Pope Francis surprised the audience gathered for the 25th anniversary of the Forum of Family Associations just a few days ago by forgoing his carefully prepared remarks to speak candidly on marriage, family life, and human dignity. His message was simple but definitive: “family life… is a sacrifice, but a good sacrifice.”
With this message of family sacrifice as a backdrop, Pope Francis identified abortion as one of the most profound tragedies plaguing the family today. “Have you ever asked yourselves why we do not see many dwarves on the streets?” he asked, “Because the protocol of many doctors – many, not all — is to ask the question: ‘Is this a problem?’ It pains me to say so. In the last century, the world was scandalized by what the Nazis did to ensure racial purity. Today we do the same thing, but wearing white gloves.”
A doctor’s white gloves, created to envelop the hands of healers, are instead being used by abortionists every day around the world to extinguish the lives of those that some deem “unfit” for society. But who decides the “unfit”?
Many physicians and caregivers view a difficult prenatal diagnosis as an unbearable and unacceptable life sentence. We know through years of strong static research that children with disease or disabilities, most notably Down syndrome, are disproportionately targeted for abortion.
Denmark boasts a 98 percent termination rate of babies who test positive for Down syndrome, followed by the United Kingdom at 90 percent, the United States at an estimated 85 percent and France at 77 percent.
In a 2016 CBS story, Iceland shockingly claimed to be on the verge of “eradicating” Down syndrome. One medical practitioner even justified this practice by stating that she is working to “prevent suffering.” Unfortunately, this misguided perception of people with Down syndrome is not unpopular.
Although many scholars have challenged the medical community to approach families testing positive for Down syndrome in a more receptive and positive manner, many parents continue to experience pressure from doctors, loved ones, and others to abort their children after receiving an abnormal prenatal diagnosis.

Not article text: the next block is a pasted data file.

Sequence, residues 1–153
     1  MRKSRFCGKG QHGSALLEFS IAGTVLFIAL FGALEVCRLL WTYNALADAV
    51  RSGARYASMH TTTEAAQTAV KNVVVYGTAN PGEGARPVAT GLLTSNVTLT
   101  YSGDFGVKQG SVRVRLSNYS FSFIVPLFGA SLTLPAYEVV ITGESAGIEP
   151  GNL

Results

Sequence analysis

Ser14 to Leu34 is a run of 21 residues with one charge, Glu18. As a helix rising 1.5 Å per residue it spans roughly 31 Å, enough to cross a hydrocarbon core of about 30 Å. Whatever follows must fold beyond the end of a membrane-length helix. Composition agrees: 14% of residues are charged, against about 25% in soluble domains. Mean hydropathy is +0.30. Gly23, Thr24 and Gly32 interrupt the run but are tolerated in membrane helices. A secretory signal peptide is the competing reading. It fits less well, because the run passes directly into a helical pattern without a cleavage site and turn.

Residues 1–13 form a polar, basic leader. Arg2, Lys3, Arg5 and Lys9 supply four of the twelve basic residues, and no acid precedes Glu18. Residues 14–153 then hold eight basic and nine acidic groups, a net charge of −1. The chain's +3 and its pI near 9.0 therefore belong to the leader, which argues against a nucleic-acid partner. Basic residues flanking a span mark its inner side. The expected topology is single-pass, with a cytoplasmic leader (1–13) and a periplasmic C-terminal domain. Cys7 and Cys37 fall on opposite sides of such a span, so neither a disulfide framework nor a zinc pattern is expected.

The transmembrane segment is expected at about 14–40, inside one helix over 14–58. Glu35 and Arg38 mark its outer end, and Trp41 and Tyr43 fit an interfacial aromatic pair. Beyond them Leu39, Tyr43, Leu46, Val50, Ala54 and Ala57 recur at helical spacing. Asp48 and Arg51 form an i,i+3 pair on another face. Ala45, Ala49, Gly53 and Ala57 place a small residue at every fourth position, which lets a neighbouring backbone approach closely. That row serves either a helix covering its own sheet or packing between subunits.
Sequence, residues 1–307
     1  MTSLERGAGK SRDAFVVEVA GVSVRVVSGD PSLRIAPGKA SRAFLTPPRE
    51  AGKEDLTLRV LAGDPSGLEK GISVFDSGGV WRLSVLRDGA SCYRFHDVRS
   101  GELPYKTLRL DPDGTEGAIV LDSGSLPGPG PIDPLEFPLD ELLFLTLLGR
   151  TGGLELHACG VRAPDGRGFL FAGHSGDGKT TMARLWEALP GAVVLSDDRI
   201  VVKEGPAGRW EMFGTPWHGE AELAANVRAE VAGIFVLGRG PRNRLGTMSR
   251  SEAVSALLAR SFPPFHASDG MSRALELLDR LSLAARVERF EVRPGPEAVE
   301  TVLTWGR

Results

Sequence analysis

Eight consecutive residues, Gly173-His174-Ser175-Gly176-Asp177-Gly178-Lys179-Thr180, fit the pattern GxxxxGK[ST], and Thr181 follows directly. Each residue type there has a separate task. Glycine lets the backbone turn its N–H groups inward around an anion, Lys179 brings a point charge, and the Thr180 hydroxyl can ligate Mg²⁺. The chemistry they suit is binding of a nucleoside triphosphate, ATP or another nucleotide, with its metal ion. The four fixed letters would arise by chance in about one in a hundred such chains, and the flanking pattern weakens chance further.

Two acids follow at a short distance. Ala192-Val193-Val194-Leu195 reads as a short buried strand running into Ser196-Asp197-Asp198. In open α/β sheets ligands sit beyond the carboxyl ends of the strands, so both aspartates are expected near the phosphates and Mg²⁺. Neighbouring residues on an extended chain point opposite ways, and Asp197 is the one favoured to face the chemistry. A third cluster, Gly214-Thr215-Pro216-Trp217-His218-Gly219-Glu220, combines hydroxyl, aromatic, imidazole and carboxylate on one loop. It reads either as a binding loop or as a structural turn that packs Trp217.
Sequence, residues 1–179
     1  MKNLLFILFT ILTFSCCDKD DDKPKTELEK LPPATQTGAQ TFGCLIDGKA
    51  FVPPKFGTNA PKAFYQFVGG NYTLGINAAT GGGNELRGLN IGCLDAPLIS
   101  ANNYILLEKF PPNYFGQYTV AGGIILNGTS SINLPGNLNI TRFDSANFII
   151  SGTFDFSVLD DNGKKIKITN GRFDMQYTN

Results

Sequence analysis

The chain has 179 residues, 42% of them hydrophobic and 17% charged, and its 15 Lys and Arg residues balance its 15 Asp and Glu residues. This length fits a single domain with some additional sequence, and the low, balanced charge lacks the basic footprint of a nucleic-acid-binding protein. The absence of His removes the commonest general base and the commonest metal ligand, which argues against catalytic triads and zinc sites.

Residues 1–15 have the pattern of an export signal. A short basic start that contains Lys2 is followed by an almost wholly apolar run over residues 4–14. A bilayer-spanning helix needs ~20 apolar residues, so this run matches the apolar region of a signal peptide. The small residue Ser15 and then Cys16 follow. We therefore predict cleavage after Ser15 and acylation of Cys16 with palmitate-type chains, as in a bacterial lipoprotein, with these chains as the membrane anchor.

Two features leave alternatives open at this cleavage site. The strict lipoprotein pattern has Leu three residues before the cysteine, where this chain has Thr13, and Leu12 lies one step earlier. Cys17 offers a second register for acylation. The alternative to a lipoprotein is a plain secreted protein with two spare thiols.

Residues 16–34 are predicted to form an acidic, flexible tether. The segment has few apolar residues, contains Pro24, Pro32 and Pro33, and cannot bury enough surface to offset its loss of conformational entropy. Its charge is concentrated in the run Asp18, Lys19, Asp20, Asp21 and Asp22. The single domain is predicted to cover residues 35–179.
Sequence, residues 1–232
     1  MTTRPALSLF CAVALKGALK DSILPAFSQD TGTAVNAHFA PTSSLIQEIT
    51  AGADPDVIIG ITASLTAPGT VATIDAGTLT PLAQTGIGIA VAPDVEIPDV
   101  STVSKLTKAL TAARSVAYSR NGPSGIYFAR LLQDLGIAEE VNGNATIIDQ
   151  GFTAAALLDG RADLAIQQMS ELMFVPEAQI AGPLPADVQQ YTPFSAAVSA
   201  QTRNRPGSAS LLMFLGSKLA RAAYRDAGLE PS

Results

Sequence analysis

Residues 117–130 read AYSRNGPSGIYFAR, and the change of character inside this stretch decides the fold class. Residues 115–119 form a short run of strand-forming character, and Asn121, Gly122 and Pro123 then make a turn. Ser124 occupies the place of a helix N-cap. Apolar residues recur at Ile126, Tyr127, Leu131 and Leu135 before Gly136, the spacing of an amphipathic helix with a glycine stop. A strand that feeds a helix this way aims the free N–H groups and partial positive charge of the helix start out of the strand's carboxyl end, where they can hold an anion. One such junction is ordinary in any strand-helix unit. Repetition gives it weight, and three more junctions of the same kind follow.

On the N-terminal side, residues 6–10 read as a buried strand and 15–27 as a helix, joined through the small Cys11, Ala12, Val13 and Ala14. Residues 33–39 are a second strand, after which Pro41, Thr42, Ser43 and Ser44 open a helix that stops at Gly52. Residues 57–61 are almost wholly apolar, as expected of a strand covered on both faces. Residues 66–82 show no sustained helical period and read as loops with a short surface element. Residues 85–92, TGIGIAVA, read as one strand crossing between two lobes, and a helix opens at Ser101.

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But studies conducted out of Harvard reveal that families who choose life in such situations are not at all destined to lives of misery. On the contrary, families who have a child with Down syndrome identify very high levels of satisfaction and happiness.
People with Down syndrome also self-report very fulfilling and joyful lives. While a person’s worth is not defined by levels of happiness, these studies have an important story to tell. Ultimately, a person’s human dignity has nothing to do with appearance, disease, age, or ability.
Human dignity as well as the capacity for happiness is inherent simply because each and every person, from the moment of conception, is a gift that brings unbounded joy, even when accompanied by difficult circumstances.
Pope Francis was correct to explicitly label abortion as modern-day eugenics. Sadly, these “white glove” losses of unrepeatable persons impact not only their immediate family, but our larger culture as well. Instead of treating children with disabilities, like Down syndrome, as burdensome or unwanted, it is our hope that families learn to welcome, love, and embrace them, seeing them for what they are, truly little miracles.
LifeNews Note: Jeanne Mancini is the president of the March for Life.